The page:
Sunday, March 13, 2011

HEEDtweet : Who's TED?

...actually not a who but a what. TED is a non-profit that is committed to ideas worth spreading. They often spread these ideas through informative annual conferences. is a website featuring "worth-watching" speeches from the world's leading thinkers and doers.

Want an example?
Ok, let's look at something refreshing that relates to teaching! While looking for something completely unrelated a HEEDblog enthusiast came across this video of Salman Khan, creator of Khan Academy on TED.

Who's Salman Khan?

A former hedge fund analyst who began posting math tutorials on YouTube. Six years later, he has posted more than 2.000 tutorials, which are viewed nearly 100,000 times around the world each day. Also, he quite his job at the hedge fund to create the Khan Academy.

Full bio here.

HEEDtweet: What do YOU think about teacher layoffs?

After discussing the current debate over (almost anything to do with) education, it can be hard to formulate your own objective view. If you've spoken with friends, family or someone riding the elevator with you regarding recent education-related chatter, many folks are focused on the improper treatment and/or hire-fire practices of teachers. The conversation will often include terms like LIFO, union, unfair and lazy.

Reading the excerpt below from a Washington Post article written by Joel Klein (the complete article can be read here) seemed to give all the attention teacher layoffs (and unions) are getting some shape. Even if you don't agree with everything Klein writes, at least the article gives you a (quiet) starting place to explore your own opinion.

Who is Joel Klein?
Joel Klein is both a former chancellor of New York public schools and current chief executive of News Corp.'s educational division.

These are his words:

As the debate rages over public unions and, in particular, over their role in school reform, an unfortunate dichotomy about America's teachers has emerged. On one side, unions and many teachers say that teachers are unfairly vilified, that they work incredibly hard under difficult circumstances and that they are underpaid. Critics, meanwhile, say that our education system is broken and that to fix it we need better teachers. They say that teachers today have protections and benefits not seen in the private sector - such as life tenure, lifetime pension and health benefits, and short workdays and workyears.

Both sides are right.

Teaching is incredibly hard, especially when dealing with children in high-poverty communities who come to school with enormous challenges. Many teachers work long hours, staying at school past 6 p.m., and then working at home grading papers and preparing lessons. Some teachers get outstanding results, even with our most challenged students. These are America's heroes, and they should be recognized as such. Sadly, they aren't.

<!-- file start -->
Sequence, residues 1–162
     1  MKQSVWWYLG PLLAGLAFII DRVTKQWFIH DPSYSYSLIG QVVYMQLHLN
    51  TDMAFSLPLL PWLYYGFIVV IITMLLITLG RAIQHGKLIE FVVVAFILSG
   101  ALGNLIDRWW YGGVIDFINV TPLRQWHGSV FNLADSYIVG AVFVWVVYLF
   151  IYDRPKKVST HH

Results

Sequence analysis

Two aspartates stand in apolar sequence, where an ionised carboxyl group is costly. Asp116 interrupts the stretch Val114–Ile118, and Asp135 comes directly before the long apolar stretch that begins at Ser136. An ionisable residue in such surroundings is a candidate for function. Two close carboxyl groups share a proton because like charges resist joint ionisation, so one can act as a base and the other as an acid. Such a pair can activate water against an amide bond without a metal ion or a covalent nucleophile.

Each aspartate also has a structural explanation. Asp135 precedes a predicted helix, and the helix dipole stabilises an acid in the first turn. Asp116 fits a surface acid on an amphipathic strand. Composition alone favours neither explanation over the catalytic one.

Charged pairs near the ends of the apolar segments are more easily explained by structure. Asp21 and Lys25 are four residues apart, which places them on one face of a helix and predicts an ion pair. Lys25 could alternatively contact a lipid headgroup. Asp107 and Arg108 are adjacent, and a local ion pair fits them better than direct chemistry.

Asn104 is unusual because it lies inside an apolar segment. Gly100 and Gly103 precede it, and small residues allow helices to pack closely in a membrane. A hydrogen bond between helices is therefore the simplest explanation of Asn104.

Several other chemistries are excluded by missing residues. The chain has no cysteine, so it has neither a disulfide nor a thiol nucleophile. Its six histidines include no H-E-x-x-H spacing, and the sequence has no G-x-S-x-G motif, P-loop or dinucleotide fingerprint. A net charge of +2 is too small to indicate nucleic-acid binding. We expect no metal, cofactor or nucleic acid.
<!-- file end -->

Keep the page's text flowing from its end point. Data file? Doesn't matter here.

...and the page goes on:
On the other hand, there are also many teachers who work by the clock - they show up a minute before 8:30 and leave a minute after 3; when in school, they do the barest minimum. They get dreadful results with students and, if you spend time in their classrooms, as I have over the past eight years, it's painfully obvious that they belong in another line of work.

The problem is that our discussion too often fails to distinguish between these very different types of teachers, treating them all the same. This "group-think" not only pollutes the current public debate - either you're for or against teachers - it is also killing our opportunity to fix our schools. Any reform worth its name must start by recognizing that teachers are our most important educational asset. That's why we need to treat teaching as a profession, by supporting excellence, striving for constant improvement and ridding the system of poor performers.

Alas, we do none of this. Whether you are good or bad, work hard or don't, teach in a shortage area (such as math) or work in a highly challenged school, you get treated precisely the same: You have life tenure and generous lifetime health and pension benefits, and you get paid more money next year simply because of seniority.

Consider the fight over teacher layoffs. In many states, you must lay teachers off solely based on reverse seniority - last in, first out. That's nuts. Do you know anyone who would say "I want the most senior surgeon" rather than "I want the best surgeon"? Sure, experience matters. That's why, in baseball, the rookie of the year is almost never the most valuable player. But the rookie of the year is better than a whole lot of 10-year veterans, and every baseball team takes this into account when deciding its roster.